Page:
China's says the U.S. should not have sent the last three Uighur Chinese inmates at the Guantanamo Bay detention center to Slovakia. The Chinese government claims they are terrorists. A spokesman says they are members of the East Turkestan Islamic Movement, which Beijing labels a terrorist group and not only threaten China's security, but other countries as well.
The Department of Defense has released the names of those who died when their Black Hawk UH-60 went down Tuesday during a mission. Five U.S. soldiers based at Fort Riley, Kan., and one based in Europe were killed in a helicopter crash this week in southern Afghanistan, Army officials said Thursday. The five Fort Riley soldiers were identified as Chief Warrant Officer 2 Randy L. Billings, 34, of Heavener, Okla.; Chief Warrant Officer 2 Joshua B. Silverman, 35, of Scottsdale, Ariz.; Sgt. Peter C. Bohler, 29, of Willow Spring, N.C.; Sgt. 1st Class Omar W. Forde, 28, of Marietta, Ga.; and Spc. Terry K.D. Gordon, 22, of Shubuta, Miss. A sixth soldier, based in Vilseck, Germany, was identified as Staff Sgt. Jesse L. Williams, 30, of Elkhart, Ind. One soldier survived the crash.
Russia is developing a new intercontinental ballistic missile mounted on a railway car. Government officials say their stated goal is to counterbalance U.S. weapons in the pipeline. Col. Gen. Sergei Karakayev, the chief of the military's Strategic Missile Forces, told Russian news agencies that the new weapon will be much easier to camouflage than its predecessor. The Soviet-designed railway missiles were dismantled in 2005. So what does this mean for the Cold War? Many say it never ended.
Two Guantanamo Bay prisoners have been sent back Saudi Arabia. U.S. officials say 35-year-old Saad Muhammad Husayn Qahtani and 48-year-old Hamood Abdulla Hamood were transferred after a security review. Neither man had been charged with a crime. U.S. records show both were suspected members of al-Qaida and were considered to be at high risk of rejoining the terror group if released.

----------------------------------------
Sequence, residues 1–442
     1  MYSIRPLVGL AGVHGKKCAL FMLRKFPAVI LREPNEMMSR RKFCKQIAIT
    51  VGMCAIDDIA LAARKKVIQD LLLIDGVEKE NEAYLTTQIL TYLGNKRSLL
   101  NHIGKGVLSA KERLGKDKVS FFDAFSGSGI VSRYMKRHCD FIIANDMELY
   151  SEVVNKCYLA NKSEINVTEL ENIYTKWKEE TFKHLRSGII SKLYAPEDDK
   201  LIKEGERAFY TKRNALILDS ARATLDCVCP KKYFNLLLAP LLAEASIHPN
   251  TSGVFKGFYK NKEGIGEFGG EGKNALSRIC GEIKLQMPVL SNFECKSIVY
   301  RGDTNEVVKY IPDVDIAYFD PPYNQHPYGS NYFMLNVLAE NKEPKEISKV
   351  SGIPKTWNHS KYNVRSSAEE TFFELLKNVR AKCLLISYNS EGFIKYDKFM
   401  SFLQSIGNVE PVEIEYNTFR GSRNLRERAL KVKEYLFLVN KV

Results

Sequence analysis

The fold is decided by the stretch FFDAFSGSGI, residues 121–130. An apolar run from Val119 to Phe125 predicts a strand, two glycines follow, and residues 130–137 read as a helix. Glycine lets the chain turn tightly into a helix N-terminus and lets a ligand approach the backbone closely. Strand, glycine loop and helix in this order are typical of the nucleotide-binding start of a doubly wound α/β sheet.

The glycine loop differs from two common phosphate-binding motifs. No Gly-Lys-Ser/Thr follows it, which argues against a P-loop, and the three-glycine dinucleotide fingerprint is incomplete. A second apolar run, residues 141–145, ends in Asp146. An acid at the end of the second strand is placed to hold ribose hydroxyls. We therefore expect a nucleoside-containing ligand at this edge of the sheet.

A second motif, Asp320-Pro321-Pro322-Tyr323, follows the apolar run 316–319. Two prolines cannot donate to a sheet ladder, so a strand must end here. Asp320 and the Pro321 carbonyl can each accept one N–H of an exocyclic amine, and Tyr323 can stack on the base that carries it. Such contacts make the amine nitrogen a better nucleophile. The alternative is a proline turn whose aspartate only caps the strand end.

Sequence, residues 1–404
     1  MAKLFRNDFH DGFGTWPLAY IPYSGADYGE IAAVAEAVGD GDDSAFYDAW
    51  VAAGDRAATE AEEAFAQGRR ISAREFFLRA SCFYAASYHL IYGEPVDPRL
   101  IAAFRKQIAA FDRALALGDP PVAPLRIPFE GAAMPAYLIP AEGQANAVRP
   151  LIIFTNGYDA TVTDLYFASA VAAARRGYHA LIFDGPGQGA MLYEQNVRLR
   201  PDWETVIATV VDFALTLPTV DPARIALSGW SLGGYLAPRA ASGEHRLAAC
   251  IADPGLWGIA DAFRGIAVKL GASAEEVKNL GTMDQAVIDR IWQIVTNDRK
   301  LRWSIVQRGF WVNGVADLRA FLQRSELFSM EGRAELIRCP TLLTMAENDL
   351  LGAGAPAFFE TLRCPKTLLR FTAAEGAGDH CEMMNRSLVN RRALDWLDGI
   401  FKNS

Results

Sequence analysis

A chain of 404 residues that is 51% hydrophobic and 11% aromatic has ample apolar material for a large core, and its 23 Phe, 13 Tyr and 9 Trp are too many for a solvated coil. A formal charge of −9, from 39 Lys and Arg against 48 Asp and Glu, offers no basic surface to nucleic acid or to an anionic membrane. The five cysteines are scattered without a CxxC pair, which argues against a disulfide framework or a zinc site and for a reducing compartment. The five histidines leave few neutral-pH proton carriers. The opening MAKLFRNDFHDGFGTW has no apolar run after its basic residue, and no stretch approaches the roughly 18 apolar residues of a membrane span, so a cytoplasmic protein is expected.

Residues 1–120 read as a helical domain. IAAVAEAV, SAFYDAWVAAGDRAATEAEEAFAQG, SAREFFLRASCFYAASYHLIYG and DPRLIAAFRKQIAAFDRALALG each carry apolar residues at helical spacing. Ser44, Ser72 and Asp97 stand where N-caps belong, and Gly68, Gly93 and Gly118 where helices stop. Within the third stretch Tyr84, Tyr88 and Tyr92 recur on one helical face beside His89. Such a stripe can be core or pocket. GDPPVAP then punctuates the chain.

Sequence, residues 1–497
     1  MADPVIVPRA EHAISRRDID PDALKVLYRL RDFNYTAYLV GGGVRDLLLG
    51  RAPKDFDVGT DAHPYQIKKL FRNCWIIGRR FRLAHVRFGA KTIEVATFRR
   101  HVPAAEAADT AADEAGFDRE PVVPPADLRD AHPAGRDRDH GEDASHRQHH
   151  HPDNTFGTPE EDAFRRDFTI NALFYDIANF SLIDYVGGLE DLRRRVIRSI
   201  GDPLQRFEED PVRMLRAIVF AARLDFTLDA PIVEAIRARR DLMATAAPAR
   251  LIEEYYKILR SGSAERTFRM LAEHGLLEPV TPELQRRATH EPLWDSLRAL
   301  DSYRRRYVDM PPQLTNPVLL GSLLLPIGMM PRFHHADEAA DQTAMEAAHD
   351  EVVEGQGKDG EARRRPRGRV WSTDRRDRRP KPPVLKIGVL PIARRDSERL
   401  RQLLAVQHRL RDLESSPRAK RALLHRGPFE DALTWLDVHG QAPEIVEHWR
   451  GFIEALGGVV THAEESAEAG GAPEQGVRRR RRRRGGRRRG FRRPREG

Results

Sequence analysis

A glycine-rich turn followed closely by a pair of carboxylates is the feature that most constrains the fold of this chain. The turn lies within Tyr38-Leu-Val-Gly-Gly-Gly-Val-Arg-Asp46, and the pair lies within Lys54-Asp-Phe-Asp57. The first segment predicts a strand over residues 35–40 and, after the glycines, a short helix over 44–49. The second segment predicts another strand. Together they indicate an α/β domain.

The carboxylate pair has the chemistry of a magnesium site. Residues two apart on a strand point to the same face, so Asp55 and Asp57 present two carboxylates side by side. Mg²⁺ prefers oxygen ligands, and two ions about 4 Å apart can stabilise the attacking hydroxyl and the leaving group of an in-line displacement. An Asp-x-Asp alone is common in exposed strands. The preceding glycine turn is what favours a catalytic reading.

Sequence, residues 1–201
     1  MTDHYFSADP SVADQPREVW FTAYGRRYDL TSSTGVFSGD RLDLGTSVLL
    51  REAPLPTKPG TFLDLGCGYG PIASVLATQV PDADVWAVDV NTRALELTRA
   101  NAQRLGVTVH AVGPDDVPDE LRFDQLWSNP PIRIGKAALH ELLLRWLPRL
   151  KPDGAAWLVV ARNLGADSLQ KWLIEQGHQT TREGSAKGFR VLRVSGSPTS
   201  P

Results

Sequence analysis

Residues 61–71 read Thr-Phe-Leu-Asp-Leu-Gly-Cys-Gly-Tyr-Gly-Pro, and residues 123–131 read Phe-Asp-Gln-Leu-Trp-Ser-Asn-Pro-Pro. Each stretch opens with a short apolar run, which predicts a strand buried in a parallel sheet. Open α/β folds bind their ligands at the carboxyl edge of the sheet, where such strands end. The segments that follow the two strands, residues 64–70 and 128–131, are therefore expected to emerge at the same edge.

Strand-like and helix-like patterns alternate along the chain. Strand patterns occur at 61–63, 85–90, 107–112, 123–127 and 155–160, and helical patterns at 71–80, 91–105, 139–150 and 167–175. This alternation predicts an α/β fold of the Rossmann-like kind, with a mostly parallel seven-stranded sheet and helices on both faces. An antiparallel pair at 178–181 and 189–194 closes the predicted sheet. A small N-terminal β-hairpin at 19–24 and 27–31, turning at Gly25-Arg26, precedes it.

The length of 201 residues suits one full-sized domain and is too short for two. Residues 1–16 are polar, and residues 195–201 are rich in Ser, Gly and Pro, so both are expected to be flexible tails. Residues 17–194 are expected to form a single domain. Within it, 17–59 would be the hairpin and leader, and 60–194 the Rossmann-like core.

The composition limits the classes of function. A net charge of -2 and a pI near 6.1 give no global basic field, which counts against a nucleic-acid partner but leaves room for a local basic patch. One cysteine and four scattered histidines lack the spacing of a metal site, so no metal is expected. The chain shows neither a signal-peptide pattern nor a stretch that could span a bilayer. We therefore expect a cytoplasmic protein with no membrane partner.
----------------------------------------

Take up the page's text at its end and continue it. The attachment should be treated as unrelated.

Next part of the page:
Terry Lee Loewen, a 58-year-old avionics technician allegedly spent months studying the layout of the Mid-Continent Regional Airport in Wichita, Kansas. The FBI says he was looking at flight patterns and other details as he planned a suicide car-bomb attack. The FBI says he developed a plan with other conspirators and Loewen, who lives in Wichita had been under surveillance for 6 months and was planning the attack to support al Qaida.
On the Federal Drive show blog, you can listen to our interviews, find more information about the guests on the show each day, as well as links to other stories and resources we discuss.
Defense Secretary Chuck Hagel said Thursday that the U.S. will continue to support the moderate opposition in Syria, but non-lethal aid will be suspended until the U.S. can get a clear assessment on the status of warehouses of military equipment that may have been seized by extremist Islamic militants. The U.S. and Britain suspended the aid after opposition fighters from conservative Islamic rebel brigades seized warehouses containing U.S. military gear that was intended for the main Western-backed moderate rebel group.